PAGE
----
"Have something to say, and say it as clearly as you can. That is the only secret of style."
- Matthew Arnold
Instructional writing succeeds when it is simple, clear, direct and concise. When it is not, the results can be disastrous.
The Challenger disaster was caused by faulty O-rings. The manufacturer warned NASA about the O-rings in a memo, but their message was lost in confusing jargon and poor writing.
During the Three Mile Island accident, plant operators took steps to prevent a nuclear meltdown that inadvertently compounded the crisis. Their training did not prepare them for the situation they encountered, and they could not understand their manuals.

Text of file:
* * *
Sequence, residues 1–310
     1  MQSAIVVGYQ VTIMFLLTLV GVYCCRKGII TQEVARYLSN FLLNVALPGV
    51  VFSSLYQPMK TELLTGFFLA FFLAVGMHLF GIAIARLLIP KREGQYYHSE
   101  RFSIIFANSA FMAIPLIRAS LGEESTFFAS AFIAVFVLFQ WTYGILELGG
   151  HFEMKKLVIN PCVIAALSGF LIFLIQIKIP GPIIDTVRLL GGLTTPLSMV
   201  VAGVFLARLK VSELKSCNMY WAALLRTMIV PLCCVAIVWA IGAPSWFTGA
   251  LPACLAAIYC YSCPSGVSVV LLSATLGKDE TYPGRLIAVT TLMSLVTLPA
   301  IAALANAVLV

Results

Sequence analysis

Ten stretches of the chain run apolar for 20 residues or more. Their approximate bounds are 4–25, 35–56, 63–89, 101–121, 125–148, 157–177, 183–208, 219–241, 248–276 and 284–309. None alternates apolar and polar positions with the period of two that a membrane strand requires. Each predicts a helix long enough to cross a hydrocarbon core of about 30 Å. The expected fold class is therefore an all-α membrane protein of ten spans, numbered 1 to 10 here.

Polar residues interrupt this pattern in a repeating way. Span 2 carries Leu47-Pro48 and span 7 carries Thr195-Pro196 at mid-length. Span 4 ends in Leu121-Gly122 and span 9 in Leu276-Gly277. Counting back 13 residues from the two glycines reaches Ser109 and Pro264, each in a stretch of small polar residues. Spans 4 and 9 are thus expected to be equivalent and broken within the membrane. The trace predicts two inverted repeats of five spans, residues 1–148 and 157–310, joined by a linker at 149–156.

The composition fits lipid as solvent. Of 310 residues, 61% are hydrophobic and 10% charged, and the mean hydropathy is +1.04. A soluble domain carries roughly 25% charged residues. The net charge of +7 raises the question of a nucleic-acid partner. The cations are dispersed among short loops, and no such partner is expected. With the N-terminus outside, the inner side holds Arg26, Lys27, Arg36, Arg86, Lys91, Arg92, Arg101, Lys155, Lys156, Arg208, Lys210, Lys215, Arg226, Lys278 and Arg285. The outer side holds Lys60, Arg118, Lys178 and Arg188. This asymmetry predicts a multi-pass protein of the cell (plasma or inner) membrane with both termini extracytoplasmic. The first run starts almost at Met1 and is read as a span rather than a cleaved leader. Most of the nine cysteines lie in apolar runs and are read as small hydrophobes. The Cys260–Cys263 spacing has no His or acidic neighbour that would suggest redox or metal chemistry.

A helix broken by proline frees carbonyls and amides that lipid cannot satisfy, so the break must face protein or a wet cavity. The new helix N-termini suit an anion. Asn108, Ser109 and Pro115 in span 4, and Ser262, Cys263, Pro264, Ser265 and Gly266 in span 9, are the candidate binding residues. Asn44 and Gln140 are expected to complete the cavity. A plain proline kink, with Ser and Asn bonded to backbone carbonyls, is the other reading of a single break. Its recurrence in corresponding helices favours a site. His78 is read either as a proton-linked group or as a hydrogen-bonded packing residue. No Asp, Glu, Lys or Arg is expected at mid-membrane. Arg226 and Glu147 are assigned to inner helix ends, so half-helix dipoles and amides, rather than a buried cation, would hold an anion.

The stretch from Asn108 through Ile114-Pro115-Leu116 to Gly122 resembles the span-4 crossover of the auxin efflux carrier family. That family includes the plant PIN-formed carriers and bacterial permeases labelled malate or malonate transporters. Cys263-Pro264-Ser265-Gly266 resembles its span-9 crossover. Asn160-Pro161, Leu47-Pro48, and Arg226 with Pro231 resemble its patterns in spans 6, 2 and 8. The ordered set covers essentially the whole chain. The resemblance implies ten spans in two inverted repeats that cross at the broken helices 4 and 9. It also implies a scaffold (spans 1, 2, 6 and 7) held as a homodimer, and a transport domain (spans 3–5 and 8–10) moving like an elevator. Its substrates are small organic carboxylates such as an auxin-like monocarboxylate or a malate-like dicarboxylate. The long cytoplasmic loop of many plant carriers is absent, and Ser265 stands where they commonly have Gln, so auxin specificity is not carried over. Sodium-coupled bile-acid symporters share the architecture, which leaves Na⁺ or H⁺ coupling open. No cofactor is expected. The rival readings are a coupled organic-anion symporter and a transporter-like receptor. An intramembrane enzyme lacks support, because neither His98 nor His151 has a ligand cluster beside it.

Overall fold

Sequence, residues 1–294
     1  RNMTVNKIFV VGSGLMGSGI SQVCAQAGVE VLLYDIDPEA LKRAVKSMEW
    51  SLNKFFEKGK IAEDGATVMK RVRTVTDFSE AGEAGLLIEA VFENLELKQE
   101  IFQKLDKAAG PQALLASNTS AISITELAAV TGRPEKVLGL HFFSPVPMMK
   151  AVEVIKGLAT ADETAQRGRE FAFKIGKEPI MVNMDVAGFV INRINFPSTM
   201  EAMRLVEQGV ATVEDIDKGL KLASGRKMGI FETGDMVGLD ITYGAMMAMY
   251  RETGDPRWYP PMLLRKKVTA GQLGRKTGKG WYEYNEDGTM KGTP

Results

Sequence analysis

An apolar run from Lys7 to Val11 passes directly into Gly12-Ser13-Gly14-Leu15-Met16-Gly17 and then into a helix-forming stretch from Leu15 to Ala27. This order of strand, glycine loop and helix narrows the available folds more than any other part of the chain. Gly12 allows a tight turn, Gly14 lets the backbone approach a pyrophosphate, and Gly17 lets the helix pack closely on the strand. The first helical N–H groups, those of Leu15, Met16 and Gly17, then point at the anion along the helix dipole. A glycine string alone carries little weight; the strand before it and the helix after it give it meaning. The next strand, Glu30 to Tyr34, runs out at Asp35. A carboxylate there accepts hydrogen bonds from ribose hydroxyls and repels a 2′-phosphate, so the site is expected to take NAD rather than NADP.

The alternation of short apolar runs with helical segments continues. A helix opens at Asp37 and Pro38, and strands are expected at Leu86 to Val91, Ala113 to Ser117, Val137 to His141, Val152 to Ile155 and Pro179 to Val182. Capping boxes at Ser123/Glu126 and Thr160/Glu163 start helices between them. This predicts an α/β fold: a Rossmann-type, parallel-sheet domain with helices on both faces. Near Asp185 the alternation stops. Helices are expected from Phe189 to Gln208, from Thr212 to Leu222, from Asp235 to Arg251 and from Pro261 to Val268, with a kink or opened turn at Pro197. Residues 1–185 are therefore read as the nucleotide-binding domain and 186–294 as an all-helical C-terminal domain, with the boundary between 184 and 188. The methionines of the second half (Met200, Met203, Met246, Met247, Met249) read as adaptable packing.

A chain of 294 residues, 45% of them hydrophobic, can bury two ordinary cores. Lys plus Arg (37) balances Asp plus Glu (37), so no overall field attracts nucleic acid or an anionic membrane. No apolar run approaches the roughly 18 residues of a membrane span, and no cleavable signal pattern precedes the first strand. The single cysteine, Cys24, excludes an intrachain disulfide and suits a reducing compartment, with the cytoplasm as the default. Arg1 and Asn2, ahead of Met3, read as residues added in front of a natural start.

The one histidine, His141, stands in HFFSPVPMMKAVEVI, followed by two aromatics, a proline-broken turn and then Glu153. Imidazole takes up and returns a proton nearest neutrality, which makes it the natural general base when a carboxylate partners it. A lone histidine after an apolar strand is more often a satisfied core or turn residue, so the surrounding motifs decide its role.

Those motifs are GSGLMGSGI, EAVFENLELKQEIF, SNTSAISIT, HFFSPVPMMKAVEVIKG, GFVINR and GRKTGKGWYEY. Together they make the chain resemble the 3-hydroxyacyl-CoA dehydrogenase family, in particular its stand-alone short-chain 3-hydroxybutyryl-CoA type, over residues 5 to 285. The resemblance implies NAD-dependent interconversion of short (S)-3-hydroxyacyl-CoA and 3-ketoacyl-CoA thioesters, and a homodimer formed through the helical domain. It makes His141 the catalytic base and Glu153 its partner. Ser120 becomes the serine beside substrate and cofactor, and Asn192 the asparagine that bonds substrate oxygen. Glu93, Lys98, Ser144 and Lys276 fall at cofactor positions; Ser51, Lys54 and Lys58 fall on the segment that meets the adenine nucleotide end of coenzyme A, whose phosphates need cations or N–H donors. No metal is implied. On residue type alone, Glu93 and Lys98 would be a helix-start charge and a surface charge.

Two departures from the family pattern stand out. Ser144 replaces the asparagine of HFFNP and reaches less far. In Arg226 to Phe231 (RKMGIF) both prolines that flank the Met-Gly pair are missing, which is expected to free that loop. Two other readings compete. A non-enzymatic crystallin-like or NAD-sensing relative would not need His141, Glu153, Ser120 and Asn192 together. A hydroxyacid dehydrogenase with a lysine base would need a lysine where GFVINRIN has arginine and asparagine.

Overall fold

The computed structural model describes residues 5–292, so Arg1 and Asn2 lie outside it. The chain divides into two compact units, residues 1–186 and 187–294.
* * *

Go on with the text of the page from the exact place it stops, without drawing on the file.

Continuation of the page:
While technology does not always affect public safety, it is critically important to the people who use it. The design professionals who use our products do not have time to pore through lengthy manuals. They want succinct instructions that tell them how to get their job done.
This is a style guide for writing instructor-led training documents. The first part, Principles, defines good writing, especially technical content. The second section, Practice , gives specific rules that apply to writing exercises.
To learn how to create effective instructional content, see "Modular Content Design Standards for Instructor-Led Training" available in Word, html and as an Autodesk Learning Assistance volume.